A Vacation in the Woods with a World of Music
You may have noticed that I haven’t posted in a while. That is because I was in the Mendocino Woodlands camp for the 31st year of Lark Camp, an annual festival of world music unlike anything else!
I took time off after launching my new ebook to unplug from the internet and cell phone and tune-in to the spirit of world music at Lark camp. I have been going to camp here for the last three years and I’ve vowed not to miss an opportunity to share and learn in the relaxed woodlands setting. My primary passion this year was the oud, a middle eastern lute that has a strong presence in Turkish, Greek and Arabic music. The Camp also features music from the British isles, Western and Eastern Europe, Africa and the Americas in three distinct sections of this redwood forest. You can see photos from last year’s adventure here: Greek Tent at Lark This year I took a lot more video but I also spent plenty of time in the Greek tent late at night shooting in extremely low light with my Canon 5D mk2!
In case you think I’m just a tourist with a camera here, I managed to get my photo taken playing the Hang drum—a new instrument for me— which proved to be quite popular with the percussionists at camp. Multiple people would jam on it during lulls in the more authentic music that was going on most of the time.
The main challenge shooting in the Greek tent is the extremely low light level. I was always shooting at ISO 6400 and using the SteadePod, (a cool little string tripod I’ve talked about before). Unfortunately, I managed to get the wind up cable in the SteadePod scrambled up inside the unit and I had to resort to a makeshift version that was a lot clumsier. A small allen wrench would have saved me here, but of course, I did not pack one for this trip! A string tripod comes in very handy in a crowded environment where a regular tripod would take up too much floor space and be too slow to setup for the quick action shots I needed in the tent. You can make a simple string tripod with a length of sturdy string tied to a screw and screwed into the tripod socket at the bottom of the camera. You then pull up on the string to steady the camera. I’ve been able to get sharp images down to 1/4 second exposure times!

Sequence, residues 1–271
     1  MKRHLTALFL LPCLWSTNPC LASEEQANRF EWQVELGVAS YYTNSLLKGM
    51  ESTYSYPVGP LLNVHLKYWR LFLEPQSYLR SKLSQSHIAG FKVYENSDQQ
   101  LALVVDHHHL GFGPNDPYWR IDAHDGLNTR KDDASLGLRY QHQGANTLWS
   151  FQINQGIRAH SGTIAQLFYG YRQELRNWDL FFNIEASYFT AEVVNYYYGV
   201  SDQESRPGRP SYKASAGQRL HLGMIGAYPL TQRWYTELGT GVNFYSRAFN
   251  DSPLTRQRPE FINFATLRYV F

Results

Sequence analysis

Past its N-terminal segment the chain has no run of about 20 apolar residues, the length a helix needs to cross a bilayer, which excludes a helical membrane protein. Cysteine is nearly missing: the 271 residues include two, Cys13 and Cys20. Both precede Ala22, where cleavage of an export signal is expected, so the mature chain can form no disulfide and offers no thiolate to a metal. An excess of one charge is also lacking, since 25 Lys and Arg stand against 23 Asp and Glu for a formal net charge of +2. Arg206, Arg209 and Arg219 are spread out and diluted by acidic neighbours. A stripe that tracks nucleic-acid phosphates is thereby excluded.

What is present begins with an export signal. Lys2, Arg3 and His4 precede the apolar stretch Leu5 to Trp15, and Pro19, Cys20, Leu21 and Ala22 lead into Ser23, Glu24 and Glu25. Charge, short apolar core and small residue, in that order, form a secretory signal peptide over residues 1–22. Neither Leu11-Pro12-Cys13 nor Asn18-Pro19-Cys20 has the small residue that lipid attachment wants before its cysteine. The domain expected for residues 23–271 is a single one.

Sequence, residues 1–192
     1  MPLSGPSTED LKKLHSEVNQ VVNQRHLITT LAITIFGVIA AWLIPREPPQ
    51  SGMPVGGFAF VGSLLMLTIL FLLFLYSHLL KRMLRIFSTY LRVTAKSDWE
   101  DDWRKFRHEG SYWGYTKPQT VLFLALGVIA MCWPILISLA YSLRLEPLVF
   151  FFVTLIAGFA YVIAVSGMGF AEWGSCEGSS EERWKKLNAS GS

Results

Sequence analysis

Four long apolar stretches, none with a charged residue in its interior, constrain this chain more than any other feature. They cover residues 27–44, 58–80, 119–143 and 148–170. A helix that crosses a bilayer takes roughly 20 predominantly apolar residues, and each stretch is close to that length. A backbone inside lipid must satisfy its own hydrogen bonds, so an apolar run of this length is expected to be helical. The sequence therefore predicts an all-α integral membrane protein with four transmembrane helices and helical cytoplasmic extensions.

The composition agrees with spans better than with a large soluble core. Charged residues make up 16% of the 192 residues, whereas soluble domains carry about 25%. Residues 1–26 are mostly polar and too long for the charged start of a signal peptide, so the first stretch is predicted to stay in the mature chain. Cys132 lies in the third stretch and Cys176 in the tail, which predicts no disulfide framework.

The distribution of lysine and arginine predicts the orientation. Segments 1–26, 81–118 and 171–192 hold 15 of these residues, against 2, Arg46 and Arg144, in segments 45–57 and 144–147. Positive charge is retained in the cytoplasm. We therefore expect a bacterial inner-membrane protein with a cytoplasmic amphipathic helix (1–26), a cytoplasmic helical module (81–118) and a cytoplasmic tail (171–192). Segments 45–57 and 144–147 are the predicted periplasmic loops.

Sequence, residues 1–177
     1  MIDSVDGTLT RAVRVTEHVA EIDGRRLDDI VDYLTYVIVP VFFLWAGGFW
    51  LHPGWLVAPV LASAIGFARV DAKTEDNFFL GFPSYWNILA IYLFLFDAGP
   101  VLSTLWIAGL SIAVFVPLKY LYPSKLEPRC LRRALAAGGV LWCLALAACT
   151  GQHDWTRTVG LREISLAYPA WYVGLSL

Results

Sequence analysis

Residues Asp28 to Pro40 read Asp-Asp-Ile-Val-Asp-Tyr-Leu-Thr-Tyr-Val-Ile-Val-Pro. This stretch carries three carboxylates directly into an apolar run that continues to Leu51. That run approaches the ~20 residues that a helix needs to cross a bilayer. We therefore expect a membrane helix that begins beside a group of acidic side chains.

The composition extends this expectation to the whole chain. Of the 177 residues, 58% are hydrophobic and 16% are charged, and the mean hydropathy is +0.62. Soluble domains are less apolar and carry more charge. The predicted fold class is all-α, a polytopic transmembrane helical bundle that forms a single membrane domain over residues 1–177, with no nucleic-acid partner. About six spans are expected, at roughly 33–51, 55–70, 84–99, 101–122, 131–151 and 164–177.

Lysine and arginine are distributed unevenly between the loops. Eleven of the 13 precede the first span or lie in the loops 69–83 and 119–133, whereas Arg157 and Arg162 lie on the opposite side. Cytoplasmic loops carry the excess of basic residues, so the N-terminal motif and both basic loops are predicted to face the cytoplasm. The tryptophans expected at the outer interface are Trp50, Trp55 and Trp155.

The Greek tent at Lark is the late night gathering place for the Eastern European and Mediterranean musicians as well as the home of the Greek Rebetika musicians. Its a kind of magnet for exotic music that sometimes features Indian Hindustani musicians depending on the people who make it to camp. One can find fiddle, clarinet, accordion, flutes, guitar and guitarrón, oud, bouzouki and buzouq, baglama, saz, doumbek and other ethnic drums! I’ve posted a number of images from Lark and the Greek tent on Flickr at:
The Technopod was right at home in the camp but I was not able to use it much as a computer studio because there wasn’t enough full sunlight to keep the battery charged. I ended up bringing a tent as well and the pod was mostly used to house my instruments and camera gear. I didn’t even use the “kitchen” as the camp provides 3 meals a day at their facilities! Still, I was happy to have the Technopod with me this year even though I spent the evenings with my girlfriend in the larger sleeping quarters of the tent. Next year I might be solo and I’ll have a re-configured Technopod so we’ll see how it might work out.